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In Meltdown

There is a point of anger or anxiety that a child can reach, when calming techniques don’t work. This is when the child is in meltdown. There is a point of no return where the child’s brain and body is in ‘fight or flight’ mode. Reasoning with the child or trying to calm them down will not work as the “downstairs brain” is in primitive survival mode and the “upstairs (thinking) brain” is inhibited (see Upstairs, Downstairs‘). ‘Fight’ may manifest as aggression, verbal abuse, throwing things, kicking etc as the child tries to release the adrenalin and stress hormones in their bloodstream. ‘Flight’ is when the child runs off to their bedroom or engages in other escape behaviours. Your priority at this point should be the child’s safety. If they are safe it is best to leave them to calm down, as following them and trying to engage them may exacerbate the situation. Never take anything they say personally when the child is in this frame of mind.

So how do we know if a child is in meltdown or just having a tantrum? Easy, ASD expert Sue Larkey says. bribery doesn’t work. If you were frightened of mice and a mouse was next to your kitchen sink, would bribery make you walk up to the mouse?

When your child is calm you can talk to them about the trigger (although they may not know why it happened. It could be cumulative effect of many things), and about ways they can deal with their anger and anxiety in the future, as well as strategies they can use.

Learn to recognise the child’s triggers and early warning signs. These are very individual and different for every child. Redirect them before the point of no return and teach them ways to recognise their own early signs and methods they can use to self-soothe.

When a person is stressed, they often “revert to habits”, so teach them good habits for dealing with their low level anxiety or frustration and they will eventually learn to do this automatically before they reach the point of no return.

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Upstairs, Downstairs

In an effort to teach my 7 year old son emotional regulation I have introduced him to the idea of the “upstairs brain” and the “downstairs brain”. This is a concept that I “borrowed” from ‘The Whole Brain Child‘ by Daniel Siegel and Tina Payne Bryson.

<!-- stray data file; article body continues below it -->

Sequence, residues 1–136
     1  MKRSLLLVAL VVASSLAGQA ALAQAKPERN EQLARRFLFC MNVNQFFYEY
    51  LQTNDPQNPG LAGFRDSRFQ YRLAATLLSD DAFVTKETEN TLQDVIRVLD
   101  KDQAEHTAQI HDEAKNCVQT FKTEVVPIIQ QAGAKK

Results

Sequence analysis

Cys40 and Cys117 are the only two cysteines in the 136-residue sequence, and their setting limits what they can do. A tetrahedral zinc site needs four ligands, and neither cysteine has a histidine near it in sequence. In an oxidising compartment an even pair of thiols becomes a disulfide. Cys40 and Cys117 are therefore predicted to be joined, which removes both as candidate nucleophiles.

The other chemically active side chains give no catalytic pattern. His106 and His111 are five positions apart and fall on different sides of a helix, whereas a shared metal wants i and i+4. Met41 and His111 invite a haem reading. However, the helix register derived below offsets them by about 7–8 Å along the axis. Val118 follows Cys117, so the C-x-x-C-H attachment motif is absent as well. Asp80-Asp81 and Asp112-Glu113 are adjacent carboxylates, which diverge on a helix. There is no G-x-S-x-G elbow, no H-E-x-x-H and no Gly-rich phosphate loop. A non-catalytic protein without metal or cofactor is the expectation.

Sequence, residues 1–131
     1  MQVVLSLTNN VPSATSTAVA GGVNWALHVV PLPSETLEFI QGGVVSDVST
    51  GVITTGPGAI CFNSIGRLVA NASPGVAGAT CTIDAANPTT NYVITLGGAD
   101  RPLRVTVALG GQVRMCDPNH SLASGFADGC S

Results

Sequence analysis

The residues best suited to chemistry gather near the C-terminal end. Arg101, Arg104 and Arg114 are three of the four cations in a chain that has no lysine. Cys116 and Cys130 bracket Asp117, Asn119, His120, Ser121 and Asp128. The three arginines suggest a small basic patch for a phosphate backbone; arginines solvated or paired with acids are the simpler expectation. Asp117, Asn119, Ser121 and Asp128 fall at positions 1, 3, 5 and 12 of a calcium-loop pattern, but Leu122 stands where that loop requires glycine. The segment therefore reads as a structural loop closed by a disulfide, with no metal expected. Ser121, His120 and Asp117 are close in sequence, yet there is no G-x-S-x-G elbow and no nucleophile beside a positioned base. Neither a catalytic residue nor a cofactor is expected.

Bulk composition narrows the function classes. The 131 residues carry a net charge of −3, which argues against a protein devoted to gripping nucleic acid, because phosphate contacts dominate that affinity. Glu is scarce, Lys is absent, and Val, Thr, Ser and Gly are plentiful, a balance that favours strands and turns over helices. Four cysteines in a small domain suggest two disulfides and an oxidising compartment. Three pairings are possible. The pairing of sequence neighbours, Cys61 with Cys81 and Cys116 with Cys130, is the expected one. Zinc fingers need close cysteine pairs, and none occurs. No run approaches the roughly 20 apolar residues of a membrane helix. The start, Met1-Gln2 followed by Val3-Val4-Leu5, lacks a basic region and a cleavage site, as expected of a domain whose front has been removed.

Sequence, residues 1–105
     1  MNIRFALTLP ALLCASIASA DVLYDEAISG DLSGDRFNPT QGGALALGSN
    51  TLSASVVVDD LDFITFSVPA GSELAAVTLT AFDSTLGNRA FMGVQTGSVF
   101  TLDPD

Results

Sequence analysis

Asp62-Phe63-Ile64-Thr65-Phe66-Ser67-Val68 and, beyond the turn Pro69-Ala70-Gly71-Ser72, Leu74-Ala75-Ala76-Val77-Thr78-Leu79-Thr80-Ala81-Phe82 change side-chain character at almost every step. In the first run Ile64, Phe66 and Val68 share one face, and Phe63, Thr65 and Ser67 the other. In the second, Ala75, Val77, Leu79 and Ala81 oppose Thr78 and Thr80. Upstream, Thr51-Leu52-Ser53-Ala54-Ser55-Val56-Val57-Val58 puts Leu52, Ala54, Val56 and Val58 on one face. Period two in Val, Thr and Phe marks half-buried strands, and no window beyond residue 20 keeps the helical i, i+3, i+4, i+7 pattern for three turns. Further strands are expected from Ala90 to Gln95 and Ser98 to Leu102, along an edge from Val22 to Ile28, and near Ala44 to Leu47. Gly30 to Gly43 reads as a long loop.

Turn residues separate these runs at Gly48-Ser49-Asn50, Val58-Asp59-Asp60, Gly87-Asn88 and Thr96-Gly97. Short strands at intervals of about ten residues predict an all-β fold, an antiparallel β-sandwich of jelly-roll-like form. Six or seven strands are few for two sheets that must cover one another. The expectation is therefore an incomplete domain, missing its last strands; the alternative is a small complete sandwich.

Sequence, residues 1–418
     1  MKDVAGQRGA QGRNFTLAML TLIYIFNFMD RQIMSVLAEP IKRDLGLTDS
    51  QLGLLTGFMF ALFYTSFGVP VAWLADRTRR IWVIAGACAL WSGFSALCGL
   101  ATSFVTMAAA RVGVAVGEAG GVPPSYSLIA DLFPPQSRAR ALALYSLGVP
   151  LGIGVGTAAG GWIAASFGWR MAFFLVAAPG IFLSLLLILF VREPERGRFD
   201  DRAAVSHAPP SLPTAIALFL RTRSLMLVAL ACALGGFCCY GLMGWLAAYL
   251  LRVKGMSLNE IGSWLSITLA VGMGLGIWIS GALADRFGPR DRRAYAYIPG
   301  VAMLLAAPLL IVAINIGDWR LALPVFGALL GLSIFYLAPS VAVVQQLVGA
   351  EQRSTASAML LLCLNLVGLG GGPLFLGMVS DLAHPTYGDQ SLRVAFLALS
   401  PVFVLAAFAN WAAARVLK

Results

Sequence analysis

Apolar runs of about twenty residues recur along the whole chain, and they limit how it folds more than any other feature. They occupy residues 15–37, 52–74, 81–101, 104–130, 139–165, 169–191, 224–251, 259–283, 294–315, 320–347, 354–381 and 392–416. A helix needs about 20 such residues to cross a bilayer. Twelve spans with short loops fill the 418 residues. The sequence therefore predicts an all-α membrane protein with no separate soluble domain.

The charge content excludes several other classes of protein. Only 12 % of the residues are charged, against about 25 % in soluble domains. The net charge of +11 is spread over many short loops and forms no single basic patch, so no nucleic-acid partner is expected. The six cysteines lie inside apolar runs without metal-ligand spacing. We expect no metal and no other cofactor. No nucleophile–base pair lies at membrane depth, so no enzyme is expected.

The downstairs brain is the primitive, instinctual, emotional, intuitive part of the brain and includes the amygdala, the area behind the “fight or flight” mechanism, the automatic response to sensory stimuli, the unconscious component of emotion. The downstairs brain is fully developed at birth and is concerned with basic survival.

The upstairs brain on the other hand is the seat of executive function, the base for self regulation, planning, organisation, problem solving, impulse control, theory of mind and the conscious component of emotion. This is the area at the front of the brain, part of the frontal lobe, and includes the cerebral cortex. This area of the brain is not fully developed until the age of around 23.

The downstairs brain is very reactive. For someone who has strong emotional reactions it is important to engage the upstairs brain to slow this reaction and think things through. Just naming the responses which are generated by his upstairs and downstairs brain, I am showing my son that he can be in control of his reactions and his body states. It slows him down enough to help him clear his mind and help him self regulate. If he has a strong emotional reaction, I tell him “that is your downstairs brain talking. What does your upstairs brain say?” A few seconds later he has calmed himself in order to think clearly and gives me a considered answer.

This is the most effective emotional regulation technique I have discovered, more effective than simply telling him to take deep breaths or another meditative technique. His body is calming itself automatically as his brain is distracted. Last week he was having panic attacks. This week he is much more in control.

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How Does Your Engine Run?

My son’s occupational therapist recommended a program called ‘The Alert Program‘ based around the book ‘How Does Your Engine Run‘ by Williams and Shellenberger. This is an excellent program for teaching self awareness and emotional regulation. This is an area where many children struggle. If they are aware of their body states and emotions they are more able to do something about it. Continue reading